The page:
Whereas, California Education Code, Title 5 regulations, local policies and procedures, and restrictions placed on colleges by the California State University (CSU), the University of California (UC), independent institutions, and out-of-state institutions result in a wide variety of transfer practices and standards around the state leading to confusion among colleges as well as the exclusion and inequitable treatment of transfer-bound students across the system; and
Whereas, Resolution 3.01 S17 directed the Academic Senate for California Community Colleges to “update the paper A Re-examination of Faculty Hiring Processes and Procedures and bring it to the Spring 2018 Plenary Session for discussion and possible adoption”;
Resolved, That the Academic Senate for California Community Colleges adopt the paper A Re-examination of Faculty Hiring Processes and Procedures2 and disseminate to local senates and curriculum committees upon its adoption.
Whereas, Rich Hansen ably served the California Community Colleges for more than two decades as a faculty member in the De Anza mathematics department, the president of the Foothill-De Anza Faculty Association, and the president and treasurer of the Faculty Association of California Community Colleges;
Whereas, Rich Hansen was first and foremost an advocate of students, always reminding those who worked with him that students must be at the center of everything we do;
Whereas, Strategic planning is an important activity for any successful organization, as this activity provides clear direction and stability and ensures that the organization’s leadership is responsive to its members;
At its Fall 2016 Plenary Session, the ASCCC approved Resolution 10.01 F16 which changed the process to revise the Disciplines List from a biennial to an annual process. This important process begins again and faculty can propose new disciplines or make revisions to those that exist. Proposed revisions to the Disciplines List can now be submitted to the Academic Senate for California Community Colleges (ASCCC) office for possible consideration by the delegates at the Spring 2019 Plenary Session.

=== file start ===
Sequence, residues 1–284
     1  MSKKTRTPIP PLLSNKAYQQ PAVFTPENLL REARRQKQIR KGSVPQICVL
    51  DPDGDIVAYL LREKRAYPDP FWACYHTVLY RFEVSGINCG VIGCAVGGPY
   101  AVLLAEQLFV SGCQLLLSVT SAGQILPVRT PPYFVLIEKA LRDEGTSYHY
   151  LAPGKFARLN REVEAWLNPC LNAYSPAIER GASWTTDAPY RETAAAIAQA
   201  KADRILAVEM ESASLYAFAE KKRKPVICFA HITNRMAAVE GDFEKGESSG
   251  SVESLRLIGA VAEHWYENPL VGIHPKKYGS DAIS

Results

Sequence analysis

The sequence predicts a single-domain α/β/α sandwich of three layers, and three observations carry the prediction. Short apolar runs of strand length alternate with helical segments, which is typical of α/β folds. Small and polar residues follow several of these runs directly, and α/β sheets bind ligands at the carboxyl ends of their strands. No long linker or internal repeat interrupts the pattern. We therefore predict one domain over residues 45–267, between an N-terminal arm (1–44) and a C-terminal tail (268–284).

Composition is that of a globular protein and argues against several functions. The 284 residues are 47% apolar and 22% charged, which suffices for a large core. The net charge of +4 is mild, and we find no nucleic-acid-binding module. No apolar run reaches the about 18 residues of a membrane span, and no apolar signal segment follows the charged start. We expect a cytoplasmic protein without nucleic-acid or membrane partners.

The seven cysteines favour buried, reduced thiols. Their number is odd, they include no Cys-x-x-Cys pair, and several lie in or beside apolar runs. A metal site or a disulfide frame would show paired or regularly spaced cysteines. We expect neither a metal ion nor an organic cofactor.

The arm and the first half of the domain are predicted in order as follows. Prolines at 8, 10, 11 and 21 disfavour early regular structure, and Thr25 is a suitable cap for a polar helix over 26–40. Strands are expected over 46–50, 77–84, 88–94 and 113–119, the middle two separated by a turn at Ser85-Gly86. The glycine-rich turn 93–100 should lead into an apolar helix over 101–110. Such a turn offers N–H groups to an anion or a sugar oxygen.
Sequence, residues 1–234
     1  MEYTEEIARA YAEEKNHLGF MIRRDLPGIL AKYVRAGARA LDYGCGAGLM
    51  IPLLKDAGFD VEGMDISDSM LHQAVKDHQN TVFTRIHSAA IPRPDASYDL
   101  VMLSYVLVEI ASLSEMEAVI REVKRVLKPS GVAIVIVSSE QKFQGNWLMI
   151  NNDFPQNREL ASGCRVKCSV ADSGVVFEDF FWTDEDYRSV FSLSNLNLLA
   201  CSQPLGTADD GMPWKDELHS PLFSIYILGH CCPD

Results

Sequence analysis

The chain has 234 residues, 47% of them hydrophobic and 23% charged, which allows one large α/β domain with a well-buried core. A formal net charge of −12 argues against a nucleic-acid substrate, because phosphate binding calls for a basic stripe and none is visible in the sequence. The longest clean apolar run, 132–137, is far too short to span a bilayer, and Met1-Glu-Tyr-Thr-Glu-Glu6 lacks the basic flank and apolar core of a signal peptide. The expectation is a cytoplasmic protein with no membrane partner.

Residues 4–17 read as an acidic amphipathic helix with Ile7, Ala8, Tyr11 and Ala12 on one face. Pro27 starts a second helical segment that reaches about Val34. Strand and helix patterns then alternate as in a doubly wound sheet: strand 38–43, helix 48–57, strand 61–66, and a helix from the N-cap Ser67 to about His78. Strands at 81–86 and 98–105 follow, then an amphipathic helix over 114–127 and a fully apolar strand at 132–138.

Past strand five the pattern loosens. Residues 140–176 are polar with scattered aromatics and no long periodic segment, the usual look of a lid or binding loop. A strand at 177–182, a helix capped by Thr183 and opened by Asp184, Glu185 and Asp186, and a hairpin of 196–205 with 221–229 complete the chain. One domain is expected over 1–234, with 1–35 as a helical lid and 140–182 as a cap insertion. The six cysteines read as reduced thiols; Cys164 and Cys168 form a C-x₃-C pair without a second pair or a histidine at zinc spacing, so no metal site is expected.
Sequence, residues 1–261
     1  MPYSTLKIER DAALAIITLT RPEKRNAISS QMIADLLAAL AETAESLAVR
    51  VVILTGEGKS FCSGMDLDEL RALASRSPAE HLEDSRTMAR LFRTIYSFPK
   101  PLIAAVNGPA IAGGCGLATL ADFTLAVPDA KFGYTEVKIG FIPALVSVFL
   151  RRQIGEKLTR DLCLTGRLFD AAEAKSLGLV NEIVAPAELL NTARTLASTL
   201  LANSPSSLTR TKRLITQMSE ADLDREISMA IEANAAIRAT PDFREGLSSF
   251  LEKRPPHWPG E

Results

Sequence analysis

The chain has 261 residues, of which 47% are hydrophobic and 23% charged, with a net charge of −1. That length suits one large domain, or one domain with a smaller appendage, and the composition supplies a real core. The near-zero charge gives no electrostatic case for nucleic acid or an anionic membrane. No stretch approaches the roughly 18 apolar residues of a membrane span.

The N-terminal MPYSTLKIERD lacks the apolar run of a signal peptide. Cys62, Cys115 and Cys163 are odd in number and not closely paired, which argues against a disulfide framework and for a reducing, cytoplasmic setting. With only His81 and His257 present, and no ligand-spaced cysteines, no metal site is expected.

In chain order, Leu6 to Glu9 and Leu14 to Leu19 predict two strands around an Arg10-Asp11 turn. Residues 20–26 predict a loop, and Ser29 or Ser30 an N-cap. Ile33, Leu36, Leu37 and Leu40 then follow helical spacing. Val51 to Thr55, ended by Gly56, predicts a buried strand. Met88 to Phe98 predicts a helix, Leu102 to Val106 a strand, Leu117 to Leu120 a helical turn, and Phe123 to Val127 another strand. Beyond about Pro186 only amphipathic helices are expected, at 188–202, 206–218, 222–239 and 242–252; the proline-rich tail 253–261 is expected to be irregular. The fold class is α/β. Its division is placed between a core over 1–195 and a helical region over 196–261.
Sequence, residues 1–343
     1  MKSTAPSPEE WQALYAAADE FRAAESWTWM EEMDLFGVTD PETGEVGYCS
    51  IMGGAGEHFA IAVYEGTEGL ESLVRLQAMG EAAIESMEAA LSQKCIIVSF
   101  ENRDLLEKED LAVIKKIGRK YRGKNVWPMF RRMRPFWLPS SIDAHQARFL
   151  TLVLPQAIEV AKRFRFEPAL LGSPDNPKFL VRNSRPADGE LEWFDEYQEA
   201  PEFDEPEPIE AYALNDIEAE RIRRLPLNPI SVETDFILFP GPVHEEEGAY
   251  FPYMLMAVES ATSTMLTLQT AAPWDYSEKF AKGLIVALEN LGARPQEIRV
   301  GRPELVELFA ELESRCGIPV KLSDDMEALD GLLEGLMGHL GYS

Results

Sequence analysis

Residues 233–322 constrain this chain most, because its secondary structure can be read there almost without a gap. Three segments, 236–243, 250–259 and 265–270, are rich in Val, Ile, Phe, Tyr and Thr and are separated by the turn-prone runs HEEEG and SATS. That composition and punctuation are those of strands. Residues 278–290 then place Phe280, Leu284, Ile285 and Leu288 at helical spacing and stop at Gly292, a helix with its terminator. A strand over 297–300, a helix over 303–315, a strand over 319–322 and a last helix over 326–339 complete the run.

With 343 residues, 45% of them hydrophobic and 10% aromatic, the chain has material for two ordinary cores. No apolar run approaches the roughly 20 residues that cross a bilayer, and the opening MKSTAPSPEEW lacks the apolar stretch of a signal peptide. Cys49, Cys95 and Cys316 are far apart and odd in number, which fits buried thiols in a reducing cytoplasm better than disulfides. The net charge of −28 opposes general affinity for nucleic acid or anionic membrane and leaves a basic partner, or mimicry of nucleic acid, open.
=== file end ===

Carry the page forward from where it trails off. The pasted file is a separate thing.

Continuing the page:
Our former Chancellor, Dr. Brice Harris, used to open some of his addresses with the line, “California—the Land of Unintended Consequences.” He would follow that with a litany of the latest measures that were designed to empower our colleges or our students but that did the opposite, placing students or our mission in jeopardy.
The value of learning support and tutoring services to student success cannot be overestimated given the various levels of preparation our students bring to the classroom. In-person tutoring, online tutoring, embedded tutoring and other academic supports for students have grown in popularity in the California community college system, and colleges are looking at current and prospective learning support models as they build their guided pathways frameworks or look for strategies to address the mandates of AB 705.
Part-time faculty not only make up the majority of all faculty in the California community college system, but provide nearly half of all instruction. The success of our students, and ultimately our institutions themselves, depend on supporting the needs of part-time faculty just as we must for full time faculty. While ASCCC along with partners like 3CSN provide some support statewide, including hosting this year’s Part Time Faculty Institute on August 2-4, 2018, many of the needs of part-time faculty also require local support.
In the face of broad and unprecedented change represented by the guided pathways movement and legislation such as Assembly Bill (AB) 705 (Irwin, 2017) that supports many of the principles of guided pathways, faculty are looking for opportunities to be creative and student-focused in their responses to that change.
Beginning in fall of 2016, the Academic Senate has been engaged in conversations and negotiations with representatives of the Chancellor’s Office and the California Apprenticeship Council (CAC) regarding the minimum qualifications for apprenticeship instructors, which are established in Title 5 section 53413. The current apprenticeship minimum qualifications were established in 1990 following the passage and implementation of AB 1725.